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Rice, Albright Share Concerns on Drones, China

By Alexis Simendinger - November 13, 2012

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The former secretaries also disagreed about the essence of the nation’s current budgetary crisis. Rice said the “really big problem” is entitlement spending projected to explode as a percentage of gross domestic product in the long term. (The audience of financial industry representatives applauded loudly.) Albright said the accumulated debt problem stems from a decade of Bush-era wars in Iraq and Afghanistan. (She did not mention that Obama continued both wars using borrowed money.)

But looking ahead, the duo found issues on which they agree, and the government’s reliance on unmanned drones was one. Albright and Rice concurred that drone warfare saves American lives and is effective, but both expressed worries about the long-range implications and encouraged the Obama administration to focus during its second term on the issues surrounding deployment of such weapons.

Despite the administration’s unwillingness to acknowledge its covert drone program, an independent United Nations investigator, working through the U.N. Human Rights Council, recently pledged to launch an investigation into the U.S. drone strikes and their deadly impact on civilians.

Albright said she was “not sure” about the human targets who wind up on the administration’s drone-strike lists, and she raised concerns about the use of unmanned drones by other nations. Rice predicted the technology “will become ubiquitous,” and she questioned how the United States would be able to protest if Russia decided to use drones domestically in Chechnya, or China used them against targets in Tibet.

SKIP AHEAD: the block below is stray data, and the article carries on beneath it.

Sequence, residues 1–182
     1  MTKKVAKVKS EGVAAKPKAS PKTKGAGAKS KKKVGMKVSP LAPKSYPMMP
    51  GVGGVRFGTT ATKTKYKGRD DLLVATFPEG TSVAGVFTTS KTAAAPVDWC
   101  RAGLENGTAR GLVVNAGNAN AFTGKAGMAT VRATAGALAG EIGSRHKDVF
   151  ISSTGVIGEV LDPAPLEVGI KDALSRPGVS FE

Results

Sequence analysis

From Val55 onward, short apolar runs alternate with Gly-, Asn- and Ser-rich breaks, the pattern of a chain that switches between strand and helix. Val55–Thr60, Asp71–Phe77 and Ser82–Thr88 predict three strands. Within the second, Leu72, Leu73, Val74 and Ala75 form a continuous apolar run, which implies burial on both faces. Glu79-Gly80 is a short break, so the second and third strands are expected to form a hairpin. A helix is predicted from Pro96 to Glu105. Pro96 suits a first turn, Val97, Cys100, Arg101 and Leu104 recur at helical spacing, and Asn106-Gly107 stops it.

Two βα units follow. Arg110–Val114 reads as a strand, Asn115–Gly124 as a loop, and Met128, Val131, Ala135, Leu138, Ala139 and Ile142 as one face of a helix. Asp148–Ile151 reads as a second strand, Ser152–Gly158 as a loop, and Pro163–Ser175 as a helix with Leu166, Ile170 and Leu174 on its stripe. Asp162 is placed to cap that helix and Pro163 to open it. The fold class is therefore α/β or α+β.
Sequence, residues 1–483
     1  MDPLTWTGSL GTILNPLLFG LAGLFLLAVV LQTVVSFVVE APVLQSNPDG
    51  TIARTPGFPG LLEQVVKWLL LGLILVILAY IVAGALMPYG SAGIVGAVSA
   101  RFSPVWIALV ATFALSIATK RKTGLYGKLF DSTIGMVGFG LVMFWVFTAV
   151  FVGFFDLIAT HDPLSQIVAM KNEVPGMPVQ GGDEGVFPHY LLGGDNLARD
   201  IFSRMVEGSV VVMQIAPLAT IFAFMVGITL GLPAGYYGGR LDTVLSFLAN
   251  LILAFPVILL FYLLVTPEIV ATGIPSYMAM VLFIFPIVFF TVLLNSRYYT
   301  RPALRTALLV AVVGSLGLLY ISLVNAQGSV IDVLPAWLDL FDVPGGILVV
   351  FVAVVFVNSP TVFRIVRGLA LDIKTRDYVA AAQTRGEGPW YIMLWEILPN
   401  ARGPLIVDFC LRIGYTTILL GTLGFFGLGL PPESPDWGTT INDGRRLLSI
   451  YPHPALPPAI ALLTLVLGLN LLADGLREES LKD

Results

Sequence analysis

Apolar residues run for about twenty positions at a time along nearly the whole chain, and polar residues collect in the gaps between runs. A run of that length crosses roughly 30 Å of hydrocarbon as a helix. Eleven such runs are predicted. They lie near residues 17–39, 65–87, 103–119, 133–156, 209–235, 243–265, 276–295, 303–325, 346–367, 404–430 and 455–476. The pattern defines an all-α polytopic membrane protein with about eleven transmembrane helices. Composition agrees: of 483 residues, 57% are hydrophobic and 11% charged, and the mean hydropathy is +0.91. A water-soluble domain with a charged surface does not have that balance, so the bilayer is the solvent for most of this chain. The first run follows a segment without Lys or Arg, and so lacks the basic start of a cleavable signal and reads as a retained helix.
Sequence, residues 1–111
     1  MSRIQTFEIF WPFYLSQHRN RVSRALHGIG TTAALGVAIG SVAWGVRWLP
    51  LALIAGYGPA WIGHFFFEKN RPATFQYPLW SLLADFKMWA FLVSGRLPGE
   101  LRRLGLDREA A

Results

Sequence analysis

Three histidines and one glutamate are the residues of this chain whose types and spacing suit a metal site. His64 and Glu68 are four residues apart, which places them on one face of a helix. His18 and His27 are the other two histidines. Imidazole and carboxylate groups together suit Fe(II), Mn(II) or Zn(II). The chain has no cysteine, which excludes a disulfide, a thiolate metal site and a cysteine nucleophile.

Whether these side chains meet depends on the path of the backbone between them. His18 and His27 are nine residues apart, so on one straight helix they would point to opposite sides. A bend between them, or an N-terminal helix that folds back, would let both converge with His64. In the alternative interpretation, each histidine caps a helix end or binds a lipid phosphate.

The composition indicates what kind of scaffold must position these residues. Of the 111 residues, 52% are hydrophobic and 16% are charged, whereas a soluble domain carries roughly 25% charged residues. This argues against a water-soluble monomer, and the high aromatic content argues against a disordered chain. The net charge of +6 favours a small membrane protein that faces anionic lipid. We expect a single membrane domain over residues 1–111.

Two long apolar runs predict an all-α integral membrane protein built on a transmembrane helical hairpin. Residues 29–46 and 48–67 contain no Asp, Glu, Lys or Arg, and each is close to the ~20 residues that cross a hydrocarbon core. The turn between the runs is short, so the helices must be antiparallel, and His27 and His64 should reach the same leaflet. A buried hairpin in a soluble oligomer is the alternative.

“It makes me quite uncomfortable,” Rice said. A protocol or system for drone use looms ahead, she suggested.

On U.S. policy with China more generally, Albright and Rice agreed about the strategic importance of relations with the Chinese. Both advocated economic engagement, despite worries about Beijing’s territorial assertiveness in the South China Sea. “We need to lead with our economic foot, not our military foot,” Rice said, pointing to trade policy as an important and, she argued, neglected tool during Obama’s first term.

“We don’t need to go to war with China,” Albright said. “And I’m glad we don’t declare them a currency manipulator,” she added, taking a swipe at one of Romney’s oft-repeated campaign promises.

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Alexis Simendinger covers the White House for RealClearPolitics. She can be reached at asimendinger@realclearpolitics.com. Follow her on Twitter @ASimendinger.

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